The market’s horrible week, in numbers

How to trade the market's volatility
How to trade the market's volatility

The stock market has suffered a truly horrendous first week of trading. Just how bad was it?

Let's go to the numbers.


6: The number of percentage points that the S&P 500 Index fell over the past week. That's the worst one-week decline for the markets since the week ending August 5, 2011.

109: The number of years—at least—since U.S. stocks have suffered a worse opening. This was the worst year-starting five trading sessions ever in the history of both the S&P 500 and the older Dow Jones Industrial Average. (The latter was created in the middle of 1896, making 2016 the 110th year it opened).

110: In the past week of trading, this is how many stocks in the S&P 500 hit the lowest levels they have seen in the past year.

18: The number of stocks in the S&P 500 that rose 1 percent or more in the past week. The biggest winner was Time Warner, which jumped 10 percent on deal talk.

1: The number of stocks in the Dow that rose in the past week. That sole, lucky name? Wal-Mart, which was actually the Dow's worst performer over the past year. This is in line with the classic "Dogs of the Dow" theory, which holds that Dow underperformers in one year are set to outperform in the next.

14 percent: The amount that China's volatile Shenzhen Index has fallen in the past week. Trouble in China, heralded by a drop in China's yuan currency and a selloff in Chinese stocks, was probably the cause for the selloff.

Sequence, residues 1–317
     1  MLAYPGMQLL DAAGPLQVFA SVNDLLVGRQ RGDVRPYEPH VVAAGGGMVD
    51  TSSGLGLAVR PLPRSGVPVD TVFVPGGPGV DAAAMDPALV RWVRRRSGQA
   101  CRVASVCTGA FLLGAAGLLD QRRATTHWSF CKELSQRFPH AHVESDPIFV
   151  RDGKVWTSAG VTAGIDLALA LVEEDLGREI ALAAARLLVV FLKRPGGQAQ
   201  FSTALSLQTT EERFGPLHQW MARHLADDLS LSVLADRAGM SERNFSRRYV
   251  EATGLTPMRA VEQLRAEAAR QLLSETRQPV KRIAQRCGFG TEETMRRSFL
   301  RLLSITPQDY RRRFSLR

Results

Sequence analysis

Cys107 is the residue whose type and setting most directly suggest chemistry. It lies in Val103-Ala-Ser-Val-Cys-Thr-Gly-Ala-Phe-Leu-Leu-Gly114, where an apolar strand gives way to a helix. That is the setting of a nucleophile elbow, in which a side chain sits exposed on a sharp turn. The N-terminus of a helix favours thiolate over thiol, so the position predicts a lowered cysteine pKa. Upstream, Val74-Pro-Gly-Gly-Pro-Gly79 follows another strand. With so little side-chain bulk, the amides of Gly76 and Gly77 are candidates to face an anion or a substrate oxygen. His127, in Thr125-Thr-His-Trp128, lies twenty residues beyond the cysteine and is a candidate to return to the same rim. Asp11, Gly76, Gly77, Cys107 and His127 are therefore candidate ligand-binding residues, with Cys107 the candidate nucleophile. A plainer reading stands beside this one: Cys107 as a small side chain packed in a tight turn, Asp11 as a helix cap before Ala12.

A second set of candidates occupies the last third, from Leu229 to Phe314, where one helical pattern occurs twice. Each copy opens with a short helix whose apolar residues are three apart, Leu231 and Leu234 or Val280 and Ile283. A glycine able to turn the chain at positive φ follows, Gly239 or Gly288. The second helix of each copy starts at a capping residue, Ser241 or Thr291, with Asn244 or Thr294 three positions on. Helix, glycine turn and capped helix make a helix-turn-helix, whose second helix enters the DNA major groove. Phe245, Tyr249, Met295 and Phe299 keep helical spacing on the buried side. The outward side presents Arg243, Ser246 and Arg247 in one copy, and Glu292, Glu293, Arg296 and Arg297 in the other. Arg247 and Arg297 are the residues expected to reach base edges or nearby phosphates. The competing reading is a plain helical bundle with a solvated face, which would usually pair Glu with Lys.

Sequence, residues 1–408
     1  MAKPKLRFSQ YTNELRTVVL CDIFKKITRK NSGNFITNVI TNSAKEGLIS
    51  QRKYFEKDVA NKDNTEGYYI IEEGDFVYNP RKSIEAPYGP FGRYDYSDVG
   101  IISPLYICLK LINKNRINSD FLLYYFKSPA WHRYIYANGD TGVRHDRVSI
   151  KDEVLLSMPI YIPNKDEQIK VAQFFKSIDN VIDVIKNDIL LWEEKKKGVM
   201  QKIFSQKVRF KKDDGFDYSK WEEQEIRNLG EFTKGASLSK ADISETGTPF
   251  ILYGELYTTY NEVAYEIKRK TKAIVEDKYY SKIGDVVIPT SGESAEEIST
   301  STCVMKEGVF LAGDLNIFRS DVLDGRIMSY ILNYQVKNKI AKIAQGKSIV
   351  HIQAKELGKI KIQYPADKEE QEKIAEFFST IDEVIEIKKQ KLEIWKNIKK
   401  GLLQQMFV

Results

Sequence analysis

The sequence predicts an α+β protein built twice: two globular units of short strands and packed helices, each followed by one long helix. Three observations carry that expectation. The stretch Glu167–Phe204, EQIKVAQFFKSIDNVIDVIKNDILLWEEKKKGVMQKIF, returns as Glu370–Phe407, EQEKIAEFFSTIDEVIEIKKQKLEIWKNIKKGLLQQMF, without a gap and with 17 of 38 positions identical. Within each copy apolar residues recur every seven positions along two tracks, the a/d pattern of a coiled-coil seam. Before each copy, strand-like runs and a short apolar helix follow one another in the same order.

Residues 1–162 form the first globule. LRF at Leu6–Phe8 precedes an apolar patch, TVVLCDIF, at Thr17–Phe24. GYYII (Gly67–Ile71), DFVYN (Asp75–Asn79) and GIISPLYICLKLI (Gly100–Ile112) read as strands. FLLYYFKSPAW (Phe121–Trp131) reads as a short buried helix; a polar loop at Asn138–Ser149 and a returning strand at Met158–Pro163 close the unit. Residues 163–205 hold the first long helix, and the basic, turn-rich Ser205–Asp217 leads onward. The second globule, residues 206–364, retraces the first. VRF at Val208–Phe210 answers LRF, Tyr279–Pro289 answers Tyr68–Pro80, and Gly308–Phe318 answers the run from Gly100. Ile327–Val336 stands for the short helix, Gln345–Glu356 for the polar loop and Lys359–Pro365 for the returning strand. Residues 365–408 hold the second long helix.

11 percent: The amount that crude oil tumbled in the week. In a dynamic that watchers of the market in 2015 will find familiar, oil's drop to historical lows was a substantial drag on markets.

$1,048,976,678,385.80: The amount of value that the stocks in the S&P 500 lost over the past week, per noted S&P analyst Howard Silverblatt. For context, that's more than the 2014 gross domestic product of Guinea-Bissau.

99.3 percent: The number of voters from the Baseball Writers' Association of America who voted Ken Griffey, Jr. into the Baseball Hall of Fame. That's the most that any baseball player has ever received.

This number doesn't have much to do with markets, but Griffey's induction was one of the week's precious few bright spots.

—By CNBC's Alex Rosenberg.

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